Instagram – In 2018, it seemed like Instagram succeeded in all the ways that Facebook failed. My Facebook feed is full of so much bullshit I don’t even bother to open Facebook anymore. But photos of my closest friends living their best lives? Instagram is getting it right. Here’s hoping Facebook doesn’t run it into the ground in 2019.
At the end of every year, I do an annual review. I reflect on the year, review my accomplishments, and set new goals for the next year.
I used to love writing, but in the past few years I’ve found countless excuses not to write. So this year, I’m eliminating those excuses.
In 2019, I’ll be writing 100 words a day, every day.
Some days I may write more, but I’ll never write less. I’ll write about product design, UX, personal development, and anything else that seems interesting or relevant.
I’ve set several other goals for 2019, and no doubt I’ll be discussing many of them in detail in future posts, too.
Note: this is an excerpt from a new article I wrote about Dwell Time for Speckyboy. See the full article here.
Over the past few years, landing page design has become an industry in its own right, complete with an abundance of tools, courses, templates, and “hacks” for getting it right.
With bottom lines hanging in the balance, savvy designers and marketers keep a watchful eye on conversion rates. But even the best landing pages typically convert less than 40% of visitors. With so much riding on conversion rates, you’d think analytics tools would do a better job helping designers improve landing page performance. Yet, out of the box, tools like Google Analytics are completely inadequate for understanding why pages are converting poorly.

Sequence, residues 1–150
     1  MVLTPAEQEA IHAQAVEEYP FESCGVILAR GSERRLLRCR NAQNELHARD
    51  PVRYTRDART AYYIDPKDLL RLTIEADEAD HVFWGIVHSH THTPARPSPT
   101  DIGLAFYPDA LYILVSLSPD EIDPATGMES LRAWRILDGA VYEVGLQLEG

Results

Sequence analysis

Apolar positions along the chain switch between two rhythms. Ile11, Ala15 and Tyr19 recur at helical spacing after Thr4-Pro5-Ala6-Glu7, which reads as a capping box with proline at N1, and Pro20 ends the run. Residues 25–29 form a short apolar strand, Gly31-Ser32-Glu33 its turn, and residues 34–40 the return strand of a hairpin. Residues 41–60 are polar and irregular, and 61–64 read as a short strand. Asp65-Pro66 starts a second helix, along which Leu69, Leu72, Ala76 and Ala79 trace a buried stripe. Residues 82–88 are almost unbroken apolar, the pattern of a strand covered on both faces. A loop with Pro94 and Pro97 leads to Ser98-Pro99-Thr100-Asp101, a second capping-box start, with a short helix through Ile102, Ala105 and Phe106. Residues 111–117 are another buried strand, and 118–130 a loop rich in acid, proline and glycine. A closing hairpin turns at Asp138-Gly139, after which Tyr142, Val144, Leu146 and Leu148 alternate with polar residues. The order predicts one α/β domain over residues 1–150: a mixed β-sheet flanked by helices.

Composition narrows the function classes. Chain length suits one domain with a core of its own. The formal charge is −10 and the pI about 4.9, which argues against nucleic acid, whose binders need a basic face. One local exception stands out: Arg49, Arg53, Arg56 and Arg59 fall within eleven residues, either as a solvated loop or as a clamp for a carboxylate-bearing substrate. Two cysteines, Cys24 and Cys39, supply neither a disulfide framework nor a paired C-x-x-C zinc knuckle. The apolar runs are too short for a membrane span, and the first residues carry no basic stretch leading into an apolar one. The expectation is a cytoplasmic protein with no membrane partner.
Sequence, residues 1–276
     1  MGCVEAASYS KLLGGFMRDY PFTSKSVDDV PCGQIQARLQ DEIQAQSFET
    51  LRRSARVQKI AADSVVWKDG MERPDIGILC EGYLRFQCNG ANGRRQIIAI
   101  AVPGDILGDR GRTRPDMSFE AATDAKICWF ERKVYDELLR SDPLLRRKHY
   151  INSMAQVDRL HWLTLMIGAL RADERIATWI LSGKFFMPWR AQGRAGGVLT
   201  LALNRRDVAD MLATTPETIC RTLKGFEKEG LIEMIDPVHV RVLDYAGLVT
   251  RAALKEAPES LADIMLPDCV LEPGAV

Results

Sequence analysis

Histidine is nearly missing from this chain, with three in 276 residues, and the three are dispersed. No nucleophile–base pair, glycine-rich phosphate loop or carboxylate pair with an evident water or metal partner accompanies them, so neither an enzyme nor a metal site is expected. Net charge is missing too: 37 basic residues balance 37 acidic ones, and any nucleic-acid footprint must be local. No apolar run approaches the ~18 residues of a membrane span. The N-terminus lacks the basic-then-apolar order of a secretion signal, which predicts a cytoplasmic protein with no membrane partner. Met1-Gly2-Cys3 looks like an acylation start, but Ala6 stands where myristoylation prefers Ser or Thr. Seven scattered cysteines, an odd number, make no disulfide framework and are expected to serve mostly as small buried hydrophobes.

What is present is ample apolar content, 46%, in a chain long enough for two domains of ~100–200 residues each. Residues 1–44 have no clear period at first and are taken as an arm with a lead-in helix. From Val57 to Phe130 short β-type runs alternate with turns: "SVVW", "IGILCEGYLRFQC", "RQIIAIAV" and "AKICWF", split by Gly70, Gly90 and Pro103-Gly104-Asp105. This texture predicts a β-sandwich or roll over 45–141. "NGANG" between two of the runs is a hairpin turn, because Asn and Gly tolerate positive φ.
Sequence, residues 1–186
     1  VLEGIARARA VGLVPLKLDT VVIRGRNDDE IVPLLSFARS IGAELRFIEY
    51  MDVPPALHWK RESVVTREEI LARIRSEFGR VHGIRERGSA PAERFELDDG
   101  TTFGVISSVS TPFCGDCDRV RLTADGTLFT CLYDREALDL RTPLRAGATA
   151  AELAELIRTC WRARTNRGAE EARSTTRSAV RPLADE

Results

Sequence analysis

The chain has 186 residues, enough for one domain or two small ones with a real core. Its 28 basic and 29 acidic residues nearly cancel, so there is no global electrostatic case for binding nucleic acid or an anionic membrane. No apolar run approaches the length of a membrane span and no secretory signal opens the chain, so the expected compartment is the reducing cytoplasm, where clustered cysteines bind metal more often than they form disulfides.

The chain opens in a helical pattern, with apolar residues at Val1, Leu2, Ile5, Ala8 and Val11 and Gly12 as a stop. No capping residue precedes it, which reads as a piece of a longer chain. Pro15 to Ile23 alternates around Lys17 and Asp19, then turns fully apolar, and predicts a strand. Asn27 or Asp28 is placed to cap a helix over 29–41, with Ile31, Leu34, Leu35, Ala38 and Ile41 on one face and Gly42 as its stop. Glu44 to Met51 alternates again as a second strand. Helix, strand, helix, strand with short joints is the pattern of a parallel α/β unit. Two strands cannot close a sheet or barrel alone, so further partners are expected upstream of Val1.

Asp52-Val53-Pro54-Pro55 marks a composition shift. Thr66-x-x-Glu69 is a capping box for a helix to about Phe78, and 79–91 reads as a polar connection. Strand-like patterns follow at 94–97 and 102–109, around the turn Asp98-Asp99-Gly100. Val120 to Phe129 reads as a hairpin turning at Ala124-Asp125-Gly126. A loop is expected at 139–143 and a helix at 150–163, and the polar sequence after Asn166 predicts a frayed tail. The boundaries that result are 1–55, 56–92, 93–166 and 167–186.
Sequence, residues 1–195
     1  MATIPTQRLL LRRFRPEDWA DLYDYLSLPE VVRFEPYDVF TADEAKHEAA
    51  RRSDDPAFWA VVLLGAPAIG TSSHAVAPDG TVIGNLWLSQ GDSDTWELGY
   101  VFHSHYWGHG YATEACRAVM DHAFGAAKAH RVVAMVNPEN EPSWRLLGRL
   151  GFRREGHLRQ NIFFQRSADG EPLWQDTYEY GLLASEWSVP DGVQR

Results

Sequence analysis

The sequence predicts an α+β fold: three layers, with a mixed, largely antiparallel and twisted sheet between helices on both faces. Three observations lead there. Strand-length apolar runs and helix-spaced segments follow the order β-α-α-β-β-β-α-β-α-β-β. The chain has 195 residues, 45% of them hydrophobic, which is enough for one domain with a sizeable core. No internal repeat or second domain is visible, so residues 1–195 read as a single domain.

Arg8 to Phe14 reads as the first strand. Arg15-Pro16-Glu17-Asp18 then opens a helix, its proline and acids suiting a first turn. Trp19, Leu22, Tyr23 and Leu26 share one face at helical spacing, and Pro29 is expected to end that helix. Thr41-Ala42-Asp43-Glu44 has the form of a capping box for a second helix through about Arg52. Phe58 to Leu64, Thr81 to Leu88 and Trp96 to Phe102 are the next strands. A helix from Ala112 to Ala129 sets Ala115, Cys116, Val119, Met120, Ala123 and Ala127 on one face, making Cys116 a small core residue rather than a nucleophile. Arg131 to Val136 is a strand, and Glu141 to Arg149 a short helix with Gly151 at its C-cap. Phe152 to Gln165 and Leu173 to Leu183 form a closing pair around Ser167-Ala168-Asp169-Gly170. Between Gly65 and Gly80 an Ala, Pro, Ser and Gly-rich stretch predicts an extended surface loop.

Bounce rates and demographic data tell us almost nothing about what a user is actually doing when they visit your landing page. Instead, we need real, actionable insights.
Dwell time—the amount of time a user spends on your page—is the key to unlocking this information and increasing your conversion rates.
Read the rest of this article on Speckyboy.
The last week of January is just about the time when all those New Year’s resolutions start to get really challenging.
The cheer of the holidays has worn off, the days are cold and dark and short, and it’s difficult not to feel well and truly exhausted.
Those new behaviors aren’t quite habits yet, and the motivation we felt for doing them in the first place can start to wane.
So how do we keep our motivation up? Here are 5 ways to maintain motivation when things get hard.
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Last week, a colleague asked me how I think about brainstorming new user acquisition strategies.
While the answer depends significantly on the context of the business at hand, there are a few universals that apply to nearly every situation.
Here are 3 tips for brainstorming a new user acquisition strategy in any business.
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Around late December and early January, I like to reflect on some of the big lessons of the past year.
One of the things that’s stood out to me most over the past few weeks is that growth hacking will be even more important in 2018 than it was in 2017.
Why? Here are 5 reasons you should add growth hacking to your marketing mix—or increase your efforts—this year.